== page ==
If you’ve stuck around here long enough, you’ve probably noticed that I don’t stray too far off of a gaming path that I beat down long ago. My platformer/puzzler/fighter tendancies make sense given what I grew up with. Only recently have RPGs of one sort or another entered the mix; and the connections I’ve developed with them make them necessary inclusion. Sure, I’ve had some notable deviations (DOOM, SSX, Tecmo Super Bowl), but they’ve been few and far between, all things considered. I mention all this because those old gaming notions to which I cling habitually and continually inform my game buying habits.
Take for instance, Castlevania: Circle of the Moon (2001).
Despite my mixed history with the Castlevania franchise, I picked up Circle of the Moon not too long after getting my Nintendo DS because…well…because of Castlevania Adventure. This early entry in the series was one of exactly two games that I played on a borrowed Gameboy back in the day (the other game being Tetris, of course). Castlevania Adventure wasn’t a great game, but it built enough of a nest of memories in my brain to make a lasting impression. As I’ve mentioned before, I remain interested in the series and how it’s progressed over the past couple decades despite only playing a few titles. In my mind, “Castlevania” is as synonymous with gaming as “Mario” and “Metroid.”
See what I mean?
Now, that interest in all things Dracula and castle-y has waxed and waned over time. In fact, I bought Circle of the Moon without knowing much about it. There I was, in a Gamestop (or maybe it was EB?) staring at all the portable games under glass near the register. At the time I was on a kick with older Gameboy Color/Advance games, picking up the likes of Mega Man Xtreme and Metroid Fusion; and knew that I needed something Castlevania to make my hand-held gaming life complete. In the store I zeroed in on three titles: Circle of the Moon, Harmony of Dissonance, and Aria of Sorrow – all used, all of different prices, the least expensive being Circle of the Moon. Me being the cheap bastard that I am, I bought Circle of the Moon. It turned out the be right choice as it was the sequel to Legacy of Darkness, the last Castlevania game I had played. And thankfully, Circle of the Moon was a whole helluva lot better than Legacy of Darkness. Plus, it had what’s still my most favorite main Castlevania theme after Symphony of the Night.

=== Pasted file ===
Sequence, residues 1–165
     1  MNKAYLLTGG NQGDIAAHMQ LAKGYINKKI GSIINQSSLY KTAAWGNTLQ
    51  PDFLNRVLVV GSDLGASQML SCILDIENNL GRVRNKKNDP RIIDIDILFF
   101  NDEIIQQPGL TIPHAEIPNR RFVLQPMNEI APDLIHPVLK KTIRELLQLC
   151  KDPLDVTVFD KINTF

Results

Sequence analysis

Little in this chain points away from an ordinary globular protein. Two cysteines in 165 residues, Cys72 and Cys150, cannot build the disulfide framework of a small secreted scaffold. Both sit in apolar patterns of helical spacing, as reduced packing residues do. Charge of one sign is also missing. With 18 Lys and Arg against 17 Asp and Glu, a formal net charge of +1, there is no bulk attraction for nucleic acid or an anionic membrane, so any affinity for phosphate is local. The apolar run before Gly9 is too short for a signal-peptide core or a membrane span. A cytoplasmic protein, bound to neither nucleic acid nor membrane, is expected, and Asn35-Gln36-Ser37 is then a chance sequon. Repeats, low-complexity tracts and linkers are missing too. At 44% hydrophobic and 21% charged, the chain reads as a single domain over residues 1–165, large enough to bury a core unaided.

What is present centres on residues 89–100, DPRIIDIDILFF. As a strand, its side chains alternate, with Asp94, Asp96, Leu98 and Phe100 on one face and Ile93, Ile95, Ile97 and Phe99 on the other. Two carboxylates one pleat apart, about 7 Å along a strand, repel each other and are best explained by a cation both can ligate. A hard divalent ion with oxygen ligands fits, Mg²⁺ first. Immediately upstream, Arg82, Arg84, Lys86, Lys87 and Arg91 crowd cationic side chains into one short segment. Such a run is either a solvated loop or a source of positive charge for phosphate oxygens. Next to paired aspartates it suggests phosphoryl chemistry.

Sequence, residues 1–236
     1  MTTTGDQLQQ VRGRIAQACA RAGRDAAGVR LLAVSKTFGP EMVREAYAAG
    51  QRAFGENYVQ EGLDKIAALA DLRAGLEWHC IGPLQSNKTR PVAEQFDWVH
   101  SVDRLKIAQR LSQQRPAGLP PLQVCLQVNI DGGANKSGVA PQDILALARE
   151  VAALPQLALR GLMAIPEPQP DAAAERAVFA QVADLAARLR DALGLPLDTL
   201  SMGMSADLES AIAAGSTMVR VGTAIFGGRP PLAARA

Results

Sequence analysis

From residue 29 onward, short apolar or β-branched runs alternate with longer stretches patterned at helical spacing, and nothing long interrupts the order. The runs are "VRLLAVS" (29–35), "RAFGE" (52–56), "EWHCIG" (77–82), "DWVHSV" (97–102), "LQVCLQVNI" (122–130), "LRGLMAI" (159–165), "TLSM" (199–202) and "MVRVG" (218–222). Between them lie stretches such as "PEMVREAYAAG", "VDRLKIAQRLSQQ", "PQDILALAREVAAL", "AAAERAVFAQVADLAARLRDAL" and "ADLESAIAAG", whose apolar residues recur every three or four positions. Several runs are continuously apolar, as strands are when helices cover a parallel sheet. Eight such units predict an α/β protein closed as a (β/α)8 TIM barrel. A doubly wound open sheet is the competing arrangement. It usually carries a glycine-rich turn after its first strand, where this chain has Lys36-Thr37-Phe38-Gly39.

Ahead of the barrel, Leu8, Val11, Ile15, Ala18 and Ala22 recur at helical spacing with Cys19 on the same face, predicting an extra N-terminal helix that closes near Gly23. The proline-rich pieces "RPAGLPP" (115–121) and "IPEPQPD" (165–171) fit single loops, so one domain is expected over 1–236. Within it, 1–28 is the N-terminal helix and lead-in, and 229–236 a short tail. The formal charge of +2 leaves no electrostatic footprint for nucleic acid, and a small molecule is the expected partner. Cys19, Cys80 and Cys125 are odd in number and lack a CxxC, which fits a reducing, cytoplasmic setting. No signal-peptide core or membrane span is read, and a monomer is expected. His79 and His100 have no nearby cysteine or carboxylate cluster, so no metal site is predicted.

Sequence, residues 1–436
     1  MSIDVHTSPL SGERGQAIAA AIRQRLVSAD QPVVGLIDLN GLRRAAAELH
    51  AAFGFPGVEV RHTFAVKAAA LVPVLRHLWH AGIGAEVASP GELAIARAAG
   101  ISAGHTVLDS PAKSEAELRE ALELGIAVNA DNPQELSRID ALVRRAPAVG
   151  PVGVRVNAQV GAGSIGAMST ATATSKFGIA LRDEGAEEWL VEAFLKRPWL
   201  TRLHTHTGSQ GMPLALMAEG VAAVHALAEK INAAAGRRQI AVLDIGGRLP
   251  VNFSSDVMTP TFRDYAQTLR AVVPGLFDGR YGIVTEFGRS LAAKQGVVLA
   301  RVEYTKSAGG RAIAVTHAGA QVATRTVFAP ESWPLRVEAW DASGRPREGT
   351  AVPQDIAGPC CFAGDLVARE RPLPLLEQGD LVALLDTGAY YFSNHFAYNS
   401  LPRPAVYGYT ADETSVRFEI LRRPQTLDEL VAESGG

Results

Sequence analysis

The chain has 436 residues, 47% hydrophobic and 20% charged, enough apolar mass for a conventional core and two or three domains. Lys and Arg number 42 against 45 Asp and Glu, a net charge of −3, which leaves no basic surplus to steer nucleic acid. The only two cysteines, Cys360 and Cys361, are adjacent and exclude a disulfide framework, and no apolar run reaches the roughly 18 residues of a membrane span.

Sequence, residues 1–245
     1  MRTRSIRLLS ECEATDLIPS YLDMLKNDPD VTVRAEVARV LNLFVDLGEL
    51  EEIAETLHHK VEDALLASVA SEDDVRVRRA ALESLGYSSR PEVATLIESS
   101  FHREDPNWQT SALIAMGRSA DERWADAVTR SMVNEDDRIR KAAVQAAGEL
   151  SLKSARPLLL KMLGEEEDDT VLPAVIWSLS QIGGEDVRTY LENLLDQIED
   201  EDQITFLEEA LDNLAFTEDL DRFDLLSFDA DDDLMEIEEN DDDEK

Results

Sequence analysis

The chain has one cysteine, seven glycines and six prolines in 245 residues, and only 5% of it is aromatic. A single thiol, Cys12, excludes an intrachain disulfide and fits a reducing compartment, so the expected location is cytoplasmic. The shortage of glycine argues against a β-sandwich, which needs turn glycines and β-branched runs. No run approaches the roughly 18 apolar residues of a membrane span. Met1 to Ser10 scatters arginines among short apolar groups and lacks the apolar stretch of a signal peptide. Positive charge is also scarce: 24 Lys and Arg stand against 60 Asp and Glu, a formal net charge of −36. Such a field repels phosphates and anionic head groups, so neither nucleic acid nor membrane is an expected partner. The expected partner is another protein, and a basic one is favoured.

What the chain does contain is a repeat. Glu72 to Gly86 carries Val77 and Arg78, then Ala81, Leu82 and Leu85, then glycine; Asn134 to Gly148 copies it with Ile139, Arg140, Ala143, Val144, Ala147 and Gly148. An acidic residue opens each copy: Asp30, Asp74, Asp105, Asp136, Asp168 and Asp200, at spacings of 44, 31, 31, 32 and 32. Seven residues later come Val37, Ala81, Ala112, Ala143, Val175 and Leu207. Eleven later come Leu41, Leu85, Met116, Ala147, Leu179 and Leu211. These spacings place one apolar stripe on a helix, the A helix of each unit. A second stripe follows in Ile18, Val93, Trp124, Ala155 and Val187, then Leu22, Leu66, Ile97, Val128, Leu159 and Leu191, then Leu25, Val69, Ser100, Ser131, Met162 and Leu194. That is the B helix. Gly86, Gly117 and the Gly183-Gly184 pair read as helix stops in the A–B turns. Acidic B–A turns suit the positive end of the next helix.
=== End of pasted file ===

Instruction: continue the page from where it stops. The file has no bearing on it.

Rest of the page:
Unlike the fuckups of 3D Castlevania on the N64, Circle of the Moon returned to the masterful and blissful platformer mechanics of Symphony of the Night. Dracula was still in the game, as was the host of skeletons, werewolves, and various mythological demons, apparitions, and other strange creatures. The basic premise of protagonist meets Dracula remained the same except that this time round the protagonist was one Nathan Graves (rather than a Belmont family member, a name ubiquitous to the series). The game also reintroduced Camilla (later Carmilla) as one of Dracula’s underlings. Camilla, who was first seen in Castlevania II, was cool, sexy, and nasty in battle. Just like you want it…uh…to…um…
Ahem. Anyway, Circle of the Moon played quite gloriously on the DS. Though the character renditions looked a bit antiquated, the environments were simply gorgeous – bright when called for, or otherwise dark and dismal. And Nathan’s story was deeper than just “vampire hunter seeks vampires.” His purpose in slaying Dracula was to save his brother, Hugh (who was being controlled by Dracula and Camilla), and his father, Morris (who had been captured by the evil duo). The castle of Circle of the Moon, just like any good castle, held plenty of secrets that laid in wait until Nathan’s wily ways uncovered them, among which were cards. Yes, unlike previous games, Circle of the Moon offered players a card system that allowed them to alter and customize Nathan’s actions and attributes. While this was certainly an interesting feature, I was far too entrenched in my hack/collect/progress ways to use the system in any meaningful way. Perhaps the game might have been less frustrating if I had paid attention to the cards, but what’s a Castlevania game with the bordering-on-rage-quitting challenge?
I really want to end the story here, on a high note with “Castlevania: Circle of the Moon is a-okay! A really great game!” And it is. But we can’t hide from the truth because the truth is all there is, and the truth is, I’ve not played a single Castlevania game since. I never got its sequels, I never got the highly touted Portrait of Ruin, and I never glanced over store shelves for Lords of Shadows. I’ve read plenty about the nearly two dozen Castlevania games that have been made since Circle of the Moon, but nothing has forced my hand into action. With each new, non-Castlevania game I play, I feel less and less the urges to explore castle and hunt vampires. Even the new trailer for Castlevania: Lords of Shadow 2 resonates very little. Regardless, Castlevania still informs my game choices because there’s no way I can separate “Castlevania” from “game,” despite my distance from the series. It’s a sad and intriguing enigma, and the truth is, I think I like it that way.